At Gurudeva's behest many families have moved either to the Bay Area where they can attend the Ganesha Shrine or to New York where they can attend the Ganesha Temple recently built in Flushing. It is important, Master feels, for the families to live near a temple, attend the pujas and participate in the cultural events of the Hindu community.
The families living near the San Francisco Ganesha Shrine have contributed generously in recent months, both in their time and skills and in special and much-appreciated gifts. Manu Yogendra has spent uncounted hours in the temple garden, bringing, spring's beauty for all to enjoy. Manu has also built a fine cage to house our new peacock, Muruga, and peahen, Moyil - both a gift from the Yogendra family. Now they are working on the archway that leads from the Saiva Siddhanta College into the Ganesha Courtyard. Manu has now painted the arch and his wife, Asita, is painting the deities which will adorn it - Siva, Muruga and Ganesha.
Deva Katir has been working very hard completing construction projects in the shrine and making essential repairs. Deva Seyon and Deva Rajan have given eagerly of their very professional construction skills in various projects around the Ganesha Shrine. Recently the main entrance to the shrine was repaired by Deva Katir and then painted by Nathan Palani. Other projects recently completed include the building of a new wall behind the Guru Altar, some plumbing tasks, the making of a clock and the construction of a wooden holder for the daily puja schedule. Now several of the family men, including Jothi Kumara, are at work in their Sivathondu erecting a wall for the Saint Auvaiyar Day Care Center in the College building.
Last year, the San Francisco Ganesha Shrine was overjoyed to receive as a gift from the Ganesha Temple in New York an exquisitely designed and gold-plated Makarathoranam to place arched over the Ganesha Deity in the Sanctum Sanctorum. The Makarathoranam came from India where it was made by temple craftsmen generations old in their art.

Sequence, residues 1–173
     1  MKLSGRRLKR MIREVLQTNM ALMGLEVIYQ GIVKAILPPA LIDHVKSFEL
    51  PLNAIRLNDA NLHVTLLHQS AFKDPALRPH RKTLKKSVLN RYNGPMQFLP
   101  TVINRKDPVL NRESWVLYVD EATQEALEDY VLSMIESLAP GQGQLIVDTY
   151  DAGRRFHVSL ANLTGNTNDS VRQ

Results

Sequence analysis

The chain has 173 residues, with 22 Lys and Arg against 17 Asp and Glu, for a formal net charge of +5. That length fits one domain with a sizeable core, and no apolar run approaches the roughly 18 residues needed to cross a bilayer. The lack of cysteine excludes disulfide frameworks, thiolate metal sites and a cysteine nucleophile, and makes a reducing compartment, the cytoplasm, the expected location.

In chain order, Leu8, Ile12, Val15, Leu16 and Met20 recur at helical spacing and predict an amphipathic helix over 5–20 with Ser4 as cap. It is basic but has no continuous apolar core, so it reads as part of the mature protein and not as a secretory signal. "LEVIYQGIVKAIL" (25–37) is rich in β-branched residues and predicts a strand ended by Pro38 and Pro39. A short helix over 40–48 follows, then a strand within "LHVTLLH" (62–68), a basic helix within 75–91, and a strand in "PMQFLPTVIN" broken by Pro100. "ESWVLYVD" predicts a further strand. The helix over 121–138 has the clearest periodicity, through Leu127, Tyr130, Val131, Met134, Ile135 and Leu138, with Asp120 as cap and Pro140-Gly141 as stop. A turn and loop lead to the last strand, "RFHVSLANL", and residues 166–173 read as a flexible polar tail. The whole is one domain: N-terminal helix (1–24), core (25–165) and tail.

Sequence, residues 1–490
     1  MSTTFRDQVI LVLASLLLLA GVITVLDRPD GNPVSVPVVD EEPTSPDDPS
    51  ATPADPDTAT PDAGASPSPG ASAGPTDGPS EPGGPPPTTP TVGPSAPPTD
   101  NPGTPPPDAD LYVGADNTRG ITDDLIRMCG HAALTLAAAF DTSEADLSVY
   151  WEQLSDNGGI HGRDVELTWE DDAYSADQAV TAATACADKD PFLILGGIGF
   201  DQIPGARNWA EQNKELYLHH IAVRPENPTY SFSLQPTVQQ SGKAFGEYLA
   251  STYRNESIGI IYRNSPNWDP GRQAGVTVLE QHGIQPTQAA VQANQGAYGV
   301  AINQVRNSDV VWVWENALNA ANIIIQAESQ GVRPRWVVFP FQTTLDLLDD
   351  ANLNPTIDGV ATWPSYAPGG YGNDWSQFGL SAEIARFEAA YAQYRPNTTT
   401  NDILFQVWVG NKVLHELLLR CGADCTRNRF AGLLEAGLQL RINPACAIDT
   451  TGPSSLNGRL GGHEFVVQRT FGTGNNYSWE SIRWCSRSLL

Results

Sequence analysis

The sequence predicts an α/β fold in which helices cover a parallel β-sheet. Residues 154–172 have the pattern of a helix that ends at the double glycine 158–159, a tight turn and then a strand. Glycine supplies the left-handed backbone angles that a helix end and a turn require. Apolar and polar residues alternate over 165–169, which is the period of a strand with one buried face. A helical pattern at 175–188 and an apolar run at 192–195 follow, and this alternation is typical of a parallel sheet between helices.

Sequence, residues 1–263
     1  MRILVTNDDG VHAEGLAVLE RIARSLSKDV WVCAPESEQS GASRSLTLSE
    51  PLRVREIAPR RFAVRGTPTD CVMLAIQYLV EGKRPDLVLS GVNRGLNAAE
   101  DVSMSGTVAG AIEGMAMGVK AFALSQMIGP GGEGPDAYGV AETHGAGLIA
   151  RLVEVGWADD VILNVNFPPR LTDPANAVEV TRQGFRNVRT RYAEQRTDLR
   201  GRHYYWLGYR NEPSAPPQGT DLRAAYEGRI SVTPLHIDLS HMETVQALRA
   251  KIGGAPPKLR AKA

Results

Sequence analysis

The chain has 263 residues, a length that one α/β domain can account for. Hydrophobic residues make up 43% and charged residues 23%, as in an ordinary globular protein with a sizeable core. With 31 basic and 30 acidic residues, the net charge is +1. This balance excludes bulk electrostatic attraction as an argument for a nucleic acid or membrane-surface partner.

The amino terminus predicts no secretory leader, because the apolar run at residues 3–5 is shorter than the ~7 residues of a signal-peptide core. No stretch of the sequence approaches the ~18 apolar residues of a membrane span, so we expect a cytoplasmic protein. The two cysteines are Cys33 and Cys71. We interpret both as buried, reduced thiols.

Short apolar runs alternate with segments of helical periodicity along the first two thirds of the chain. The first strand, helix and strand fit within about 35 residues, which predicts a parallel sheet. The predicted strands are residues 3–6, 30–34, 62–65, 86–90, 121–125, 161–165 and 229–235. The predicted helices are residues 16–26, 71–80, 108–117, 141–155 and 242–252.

On Monday, April 9th, Master Subramuniya held Satsang in the Ganesha Shrine enroute to New York, London, Jerusalem, Madras and Colombo. He spoke of the importance of bringing Hinduism "down to earth," of talking about Hinduism to our friends, family and associates so they will understand our faith, as complex 'and sometimes perplexing as it can seem at first due to its immensity and antiquity. Much of Master's thoughts that day were directed to the difficulties recently being faced in Pleasanton where a permit for construction of a Hindu temple has recently been rescinded. Mr. Muthuraman Iyer, who is the chairman of the Hindu Community and Cultural Center which seeks to build the temple on a small lake in the Bay Area City, was present for Gurudeva's satsang. He and other heard Gurudeva speak of the importance of educating the American people, overcoming misunderstandings, "It is essential that the spiritual leaders within the Hindu religion meet and speak with the priests and ministers of the various Western faiths. There should be a clear understanding at that level, then the congregations will come into tolerance and comprehension. All religions have their problems. The Catholics, the Protestants, the Jews and the Hindus all have problems, and we can share those problems. Each of these other religions has immigrated to America. Hinduism is the last religion to immigrate. The problem it faces were faced by all previous religions and must be faced by us as well. It is a natural process. Soon our Hindu temples will stand beside the great cathedrals, synagogues, churches and mosques."